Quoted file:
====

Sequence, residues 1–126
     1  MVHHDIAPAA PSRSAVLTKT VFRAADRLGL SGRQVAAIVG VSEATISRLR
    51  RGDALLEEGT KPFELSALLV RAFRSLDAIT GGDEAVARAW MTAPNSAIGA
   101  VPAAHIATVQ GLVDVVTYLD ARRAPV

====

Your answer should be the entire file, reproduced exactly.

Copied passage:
Sequence, residues 1–126
     1  MVHHDIAPAA PSRSAVLTKT VFRAADRLGL SGRQVAAIVG VSEATISRLR
    51  RGDALLEEGT KPFELSALLV RAFRSLDAIT GGDEAVARAW MTAPNSAIGA
   101  VPAAHIATVQ GLVDVVTYLD ARRAPV